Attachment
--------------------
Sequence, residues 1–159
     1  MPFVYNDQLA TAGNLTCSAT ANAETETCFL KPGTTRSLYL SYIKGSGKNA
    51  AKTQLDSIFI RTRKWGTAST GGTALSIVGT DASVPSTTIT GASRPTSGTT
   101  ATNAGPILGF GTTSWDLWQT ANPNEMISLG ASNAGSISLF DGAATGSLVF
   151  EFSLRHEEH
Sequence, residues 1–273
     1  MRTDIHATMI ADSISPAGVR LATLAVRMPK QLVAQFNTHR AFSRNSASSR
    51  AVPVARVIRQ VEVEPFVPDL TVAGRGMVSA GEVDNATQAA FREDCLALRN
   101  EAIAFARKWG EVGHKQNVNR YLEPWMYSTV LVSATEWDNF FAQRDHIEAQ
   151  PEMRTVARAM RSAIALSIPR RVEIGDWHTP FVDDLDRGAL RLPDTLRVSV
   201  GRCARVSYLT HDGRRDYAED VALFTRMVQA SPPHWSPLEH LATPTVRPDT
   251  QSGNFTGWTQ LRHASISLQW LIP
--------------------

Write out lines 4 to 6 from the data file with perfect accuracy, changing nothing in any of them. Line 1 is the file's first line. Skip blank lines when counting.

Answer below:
   101  ATNAGPILGF GTTSWDLWQT ANPNEMISLG ASNAGSISLF DGAATGSLVF
   151  EFSLRHEEH
Sequence, residues 1–273